> grow, have a relative annual growth ring thickness record that has been
                        > traced, from what I've heard, at least as far back as the early
                        Middle Ages.
                        >
                        >
                        >
                        > Just thought this might be of interest...
                        >
                        > In Magical Service,
                        >
                        > Malaki
                        >
                        >
                        >
                        >
                        >
                        >
                        <http://geo.yahoo.com/serv?s=97359714/grpId=6200723/grpspId=1705126283/msgId
                        > =9434/stime=1196905331/nc1=5008815/nc2=3848614/nc3=4840951>
                        >
                      • Bill McNutt
                        Sure. But it s not applicable as a commercial technique for dating antiques, which was my point. Will _____ From: medievalsawdust@yahoogroups.com
                        Message 11 of 14 , Dec 7, 2007

                          Sure.  But it’s not applicable as a commercial technique for dating antiques, which was my point.

                           

                          Will

                           


                          From: medievalsawdust@yahoogroups.com [mailto:medievalsawdust@yahoogroups.com] On Behalf Of Jeff Johnson
                          Sent: Friday, December 07, 2007 7:02 AM
                          To: medievalsawdust@yahoogroups.com
                          Subject: [MedievalSawdust] Re: Looking for a book review

                           

                          While there is the limitation that (at best) you can only date a
                          section of wood to the date when it was cut down, it's not true that
                          it's not applicable to furniture. You can overlap know section
                          profiles with your sample and get a pattern match with just sections.

                          There's a very good description of the technique in "Die gotishen Truhen".

                          I was reading the dendrochronological report for an item at the Cluny
                          in Paris last week (brag). They were able to stack the individual
                          pieces in such a way that they could reconstruct the section of log
                          the pieces came from, giving a very complete cross section on which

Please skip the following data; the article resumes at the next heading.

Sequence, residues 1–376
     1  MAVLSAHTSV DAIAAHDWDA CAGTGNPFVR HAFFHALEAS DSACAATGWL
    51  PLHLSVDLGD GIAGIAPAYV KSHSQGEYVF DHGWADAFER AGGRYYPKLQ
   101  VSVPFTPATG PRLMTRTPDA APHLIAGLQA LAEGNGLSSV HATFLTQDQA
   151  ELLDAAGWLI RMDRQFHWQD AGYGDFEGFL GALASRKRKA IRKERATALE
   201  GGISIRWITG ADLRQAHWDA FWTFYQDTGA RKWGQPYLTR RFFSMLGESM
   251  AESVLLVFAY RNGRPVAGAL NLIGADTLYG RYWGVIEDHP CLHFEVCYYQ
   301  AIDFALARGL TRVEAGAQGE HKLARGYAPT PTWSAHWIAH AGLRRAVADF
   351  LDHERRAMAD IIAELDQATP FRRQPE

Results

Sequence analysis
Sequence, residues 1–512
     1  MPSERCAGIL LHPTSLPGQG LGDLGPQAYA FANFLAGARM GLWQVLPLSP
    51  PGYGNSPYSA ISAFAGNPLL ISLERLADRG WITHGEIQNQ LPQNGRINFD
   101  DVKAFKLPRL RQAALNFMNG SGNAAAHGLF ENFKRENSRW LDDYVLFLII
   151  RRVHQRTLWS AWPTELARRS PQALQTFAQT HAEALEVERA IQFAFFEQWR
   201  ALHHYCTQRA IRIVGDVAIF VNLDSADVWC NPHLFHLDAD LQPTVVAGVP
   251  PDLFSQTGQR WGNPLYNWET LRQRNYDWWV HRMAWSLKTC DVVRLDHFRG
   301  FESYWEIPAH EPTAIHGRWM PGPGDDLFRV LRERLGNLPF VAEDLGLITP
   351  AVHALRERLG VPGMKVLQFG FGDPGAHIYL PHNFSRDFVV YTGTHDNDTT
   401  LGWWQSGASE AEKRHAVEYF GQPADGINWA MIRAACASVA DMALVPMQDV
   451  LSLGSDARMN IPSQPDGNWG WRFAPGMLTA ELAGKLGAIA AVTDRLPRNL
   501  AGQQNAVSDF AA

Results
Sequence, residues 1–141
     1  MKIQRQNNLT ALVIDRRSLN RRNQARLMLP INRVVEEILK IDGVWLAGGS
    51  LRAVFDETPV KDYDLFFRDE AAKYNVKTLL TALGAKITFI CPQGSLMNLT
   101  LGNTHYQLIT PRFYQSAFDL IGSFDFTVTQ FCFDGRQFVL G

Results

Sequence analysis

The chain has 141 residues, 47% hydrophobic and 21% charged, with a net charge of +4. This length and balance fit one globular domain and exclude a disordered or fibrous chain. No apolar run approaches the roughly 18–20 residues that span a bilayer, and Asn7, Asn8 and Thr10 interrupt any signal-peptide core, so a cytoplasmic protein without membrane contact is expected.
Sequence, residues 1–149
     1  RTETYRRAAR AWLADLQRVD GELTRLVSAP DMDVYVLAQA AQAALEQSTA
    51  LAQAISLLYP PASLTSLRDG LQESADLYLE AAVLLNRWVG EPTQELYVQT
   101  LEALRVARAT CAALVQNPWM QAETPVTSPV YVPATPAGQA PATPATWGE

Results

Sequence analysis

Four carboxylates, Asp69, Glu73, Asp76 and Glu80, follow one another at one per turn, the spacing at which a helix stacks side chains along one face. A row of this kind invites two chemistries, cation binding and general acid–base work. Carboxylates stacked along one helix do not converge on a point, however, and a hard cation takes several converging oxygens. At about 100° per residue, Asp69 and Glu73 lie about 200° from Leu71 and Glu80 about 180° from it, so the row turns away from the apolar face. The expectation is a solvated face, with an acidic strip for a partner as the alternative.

they could base their analysis.

                          Jeff J /Geoff Bourette

                          --- In medievalsawdust@ yahoogroups. com, "Bill McNutt" <mcnutt@...> wrote:

                          >
                          > One of my colleagues here at the
                          w:st="on">University of Tennessee was
                          instrumental in
                          > developing the technique. Alas, it is not useable for furniture
                          because you
                          > have to get a core of so much of the original tree to get meaningful
                          data.
                          > They did use it on the Mary Rose timbers, though, to tell when the trees
                          > were felled to build her. It helped nail down her construction
                          dates. The
                          > technique is called "dendrochronology. "
                          >
                          >
                          >
                          > Will
                          >
                          >
                          >
                          > _____
                          >
                          > From: medievalsawdust@ yahoogroups. com
                          > [mailto:medievalsawdust@ yahoogroups. com]
                          On Behalf Of Tracy Swanson
                          > Sent: Wednesday, December 05, 2007 9:31 PM
                          > To: medievalsawdust@ yahoogroups. com
                          > Subject: RE: [MedievalSawdust] Looking for a book review
                          >
                          >
                          >
                          > Speaking of dating wooden artifacts, has anyone else heard of the annual
                          > tree ring record method of dating? It is supposed to rely upon the
                          annual
                          > tree ring growth record. It seems that all trees, regardless of
                          where they